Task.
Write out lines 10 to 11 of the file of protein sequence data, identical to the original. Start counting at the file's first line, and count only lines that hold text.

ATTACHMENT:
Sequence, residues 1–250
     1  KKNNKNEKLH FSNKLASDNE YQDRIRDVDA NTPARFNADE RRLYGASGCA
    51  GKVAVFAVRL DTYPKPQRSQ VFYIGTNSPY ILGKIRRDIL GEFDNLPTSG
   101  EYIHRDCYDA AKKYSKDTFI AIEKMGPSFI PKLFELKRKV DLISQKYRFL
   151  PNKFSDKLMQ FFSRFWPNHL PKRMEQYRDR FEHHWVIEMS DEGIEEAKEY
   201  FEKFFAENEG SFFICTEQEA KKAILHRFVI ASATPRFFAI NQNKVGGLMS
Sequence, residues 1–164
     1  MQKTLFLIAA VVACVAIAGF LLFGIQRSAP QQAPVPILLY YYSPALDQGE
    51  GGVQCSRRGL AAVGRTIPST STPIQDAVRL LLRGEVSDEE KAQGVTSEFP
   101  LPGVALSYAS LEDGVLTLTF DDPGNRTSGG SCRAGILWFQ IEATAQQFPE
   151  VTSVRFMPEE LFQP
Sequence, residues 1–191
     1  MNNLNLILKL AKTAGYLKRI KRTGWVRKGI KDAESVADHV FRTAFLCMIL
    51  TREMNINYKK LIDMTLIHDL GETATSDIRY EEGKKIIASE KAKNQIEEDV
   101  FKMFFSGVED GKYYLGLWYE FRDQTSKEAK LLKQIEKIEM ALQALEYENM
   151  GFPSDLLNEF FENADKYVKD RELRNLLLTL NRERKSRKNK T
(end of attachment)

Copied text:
   101  LPGVALSYAS LEDGVLTLTF DDPGNRTSGG SCRAGILWFQ IEATAQQFPE
   151  VTSVRFMPEE LFQP